Lagoon Life in Rarotonga, Cook Islands

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Travel Inspiration – Cook Islands

They’re known for tropical sandy shores, clear water lagoons and friendly locals with smiles as big as the sun that shines over the palm trees.

The Cook Islands are the kind of place you need to visit at least once in a lifetime. With a warmth in both culture and climate, the islands are the essence of paradise and having even just a few days to experience island life will change the way you see the world.

Rarotonga is the most populated island of the group and it’s where you’ll find the international airport and arrive to the sweet serenade of Papa Jake who has greeted every single flight for the past 30+ years .

With a volcanic peak at it’s core and dense, lush jungle to the water’s edge, Rarotonga is the perfect place for a first taste of the Cook Islands.

You can drive around the island in an hour or so but getting around my bicycle means you get to smell the salty air, hear the choirs as you pass churches and listen out for chickens, piglets and the sound of waves crashing over the reef.

The eastern and southern part of the island is where you’ll find those calm and rich aqua blue waters and tall coconut palms blowing in the breeze. From the Matavera District to Muri Beach is a beautiful cycle and most hotels or villas will have bicycles included with your room just like ours did at Ikurangi Eco Retreat.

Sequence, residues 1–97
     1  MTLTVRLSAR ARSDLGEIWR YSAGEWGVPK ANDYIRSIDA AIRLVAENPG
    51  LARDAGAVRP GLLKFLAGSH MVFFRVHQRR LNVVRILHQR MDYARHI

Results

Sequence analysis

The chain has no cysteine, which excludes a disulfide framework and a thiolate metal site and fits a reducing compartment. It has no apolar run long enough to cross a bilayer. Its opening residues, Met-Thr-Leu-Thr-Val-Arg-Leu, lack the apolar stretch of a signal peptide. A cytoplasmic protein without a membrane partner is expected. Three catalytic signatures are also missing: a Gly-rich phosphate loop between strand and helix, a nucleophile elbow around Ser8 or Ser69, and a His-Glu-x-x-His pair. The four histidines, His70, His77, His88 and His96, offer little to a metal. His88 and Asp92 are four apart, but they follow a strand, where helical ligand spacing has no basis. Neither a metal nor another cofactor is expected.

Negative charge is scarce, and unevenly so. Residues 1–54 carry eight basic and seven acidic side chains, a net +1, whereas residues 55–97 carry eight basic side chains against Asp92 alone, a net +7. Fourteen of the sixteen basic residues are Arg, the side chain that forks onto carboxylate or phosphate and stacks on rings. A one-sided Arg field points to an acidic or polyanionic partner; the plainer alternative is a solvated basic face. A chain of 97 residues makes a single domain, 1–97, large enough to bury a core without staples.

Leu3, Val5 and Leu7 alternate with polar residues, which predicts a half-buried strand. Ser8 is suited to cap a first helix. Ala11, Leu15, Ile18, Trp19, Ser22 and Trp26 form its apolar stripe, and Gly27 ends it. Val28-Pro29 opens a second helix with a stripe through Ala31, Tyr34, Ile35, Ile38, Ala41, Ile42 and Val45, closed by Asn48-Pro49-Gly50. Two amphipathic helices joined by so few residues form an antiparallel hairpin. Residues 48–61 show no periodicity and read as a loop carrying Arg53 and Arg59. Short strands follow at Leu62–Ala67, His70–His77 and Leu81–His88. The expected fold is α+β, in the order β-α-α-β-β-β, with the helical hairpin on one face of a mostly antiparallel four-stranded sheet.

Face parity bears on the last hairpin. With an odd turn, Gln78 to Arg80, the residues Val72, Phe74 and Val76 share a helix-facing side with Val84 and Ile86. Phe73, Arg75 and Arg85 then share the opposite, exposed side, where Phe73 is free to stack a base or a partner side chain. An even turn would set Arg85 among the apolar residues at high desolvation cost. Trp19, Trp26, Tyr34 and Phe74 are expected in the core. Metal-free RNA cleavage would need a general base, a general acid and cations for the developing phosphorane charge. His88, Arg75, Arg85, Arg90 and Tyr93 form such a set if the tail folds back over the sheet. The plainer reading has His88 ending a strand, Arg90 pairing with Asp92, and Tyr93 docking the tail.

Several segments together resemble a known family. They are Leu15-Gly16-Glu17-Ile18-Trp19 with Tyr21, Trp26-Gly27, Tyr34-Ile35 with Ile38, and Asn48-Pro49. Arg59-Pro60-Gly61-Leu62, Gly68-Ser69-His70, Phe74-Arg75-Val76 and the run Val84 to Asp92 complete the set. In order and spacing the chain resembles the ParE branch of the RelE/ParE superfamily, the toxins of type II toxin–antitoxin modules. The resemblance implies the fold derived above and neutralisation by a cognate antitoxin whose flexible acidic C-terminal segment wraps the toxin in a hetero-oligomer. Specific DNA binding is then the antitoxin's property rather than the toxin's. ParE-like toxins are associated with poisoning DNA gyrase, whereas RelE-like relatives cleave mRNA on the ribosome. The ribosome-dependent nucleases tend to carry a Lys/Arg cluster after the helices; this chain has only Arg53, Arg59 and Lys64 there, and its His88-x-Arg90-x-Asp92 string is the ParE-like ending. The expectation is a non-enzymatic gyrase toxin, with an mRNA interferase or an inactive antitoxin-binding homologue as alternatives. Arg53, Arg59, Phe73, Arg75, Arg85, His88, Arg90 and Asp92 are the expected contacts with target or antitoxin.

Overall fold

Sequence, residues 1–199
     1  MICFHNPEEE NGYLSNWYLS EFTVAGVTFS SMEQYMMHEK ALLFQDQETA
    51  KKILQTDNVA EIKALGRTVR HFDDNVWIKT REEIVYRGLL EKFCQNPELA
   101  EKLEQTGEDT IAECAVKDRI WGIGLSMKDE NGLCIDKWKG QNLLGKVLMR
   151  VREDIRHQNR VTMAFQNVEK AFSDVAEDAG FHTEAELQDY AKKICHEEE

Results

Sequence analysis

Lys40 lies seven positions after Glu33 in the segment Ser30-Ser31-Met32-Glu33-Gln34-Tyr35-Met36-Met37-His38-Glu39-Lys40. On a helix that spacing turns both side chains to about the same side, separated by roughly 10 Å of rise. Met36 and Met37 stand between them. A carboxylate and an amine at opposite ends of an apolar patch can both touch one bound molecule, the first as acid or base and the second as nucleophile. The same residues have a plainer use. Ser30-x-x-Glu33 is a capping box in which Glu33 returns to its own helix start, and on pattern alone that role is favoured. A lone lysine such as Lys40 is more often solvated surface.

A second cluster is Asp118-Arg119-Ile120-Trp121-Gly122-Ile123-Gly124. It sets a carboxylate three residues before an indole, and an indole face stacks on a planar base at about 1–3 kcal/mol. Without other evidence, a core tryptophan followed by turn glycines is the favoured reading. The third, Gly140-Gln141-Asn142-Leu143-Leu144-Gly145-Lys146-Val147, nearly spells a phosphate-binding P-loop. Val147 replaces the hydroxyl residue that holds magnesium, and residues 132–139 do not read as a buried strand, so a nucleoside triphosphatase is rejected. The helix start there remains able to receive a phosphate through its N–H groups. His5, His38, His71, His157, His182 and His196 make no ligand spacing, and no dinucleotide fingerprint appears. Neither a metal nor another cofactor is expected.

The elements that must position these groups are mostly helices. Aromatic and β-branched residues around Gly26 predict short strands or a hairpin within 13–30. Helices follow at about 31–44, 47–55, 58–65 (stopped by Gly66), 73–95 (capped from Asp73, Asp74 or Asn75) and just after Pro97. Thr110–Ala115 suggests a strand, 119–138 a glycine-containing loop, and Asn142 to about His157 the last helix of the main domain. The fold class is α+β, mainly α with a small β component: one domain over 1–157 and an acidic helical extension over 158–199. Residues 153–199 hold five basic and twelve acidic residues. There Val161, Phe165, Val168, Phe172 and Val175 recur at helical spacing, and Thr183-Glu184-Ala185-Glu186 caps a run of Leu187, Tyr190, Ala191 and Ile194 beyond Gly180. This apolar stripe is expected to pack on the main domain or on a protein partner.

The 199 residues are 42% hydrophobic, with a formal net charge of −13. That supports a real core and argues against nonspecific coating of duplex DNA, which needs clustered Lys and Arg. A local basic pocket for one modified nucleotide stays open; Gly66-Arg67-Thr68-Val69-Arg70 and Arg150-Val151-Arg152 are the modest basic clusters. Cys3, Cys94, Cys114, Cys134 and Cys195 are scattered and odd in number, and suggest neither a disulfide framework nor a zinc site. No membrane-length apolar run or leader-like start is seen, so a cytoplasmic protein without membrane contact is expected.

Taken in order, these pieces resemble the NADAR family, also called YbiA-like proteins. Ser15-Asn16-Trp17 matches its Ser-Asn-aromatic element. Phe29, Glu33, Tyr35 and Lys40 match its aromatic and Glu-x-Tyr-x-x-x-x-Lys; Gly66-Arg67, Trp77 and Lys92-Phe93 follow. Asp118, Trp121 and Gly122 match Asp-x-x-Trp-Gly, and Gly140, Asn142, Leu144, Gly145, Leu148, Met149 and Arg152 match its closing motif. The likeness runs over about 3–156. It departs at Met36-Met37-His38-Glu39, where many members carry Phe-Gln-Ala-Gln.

Muri Lagoon is the place to go if you’re hoping to snorkel, kayak or explore the warm waters of the Pacific. At low tide you can walk out quite far into the lagoon but once the tide comes in, you can paddle out to a small collection of islands and feel like you’re on Castaway for a few hours. Also if you do attempt to walk just be careful of the sea slugs that sit on the bottom of the lagoon…there are thousands of them so watch your step!

Below is a collection of photos from adventures with my sister cycling around Rarotonga…

To read more about the Cook Islands, including Aitutaki take a peek at my other articles here – Cook Islands Archive.

 

 

 

 

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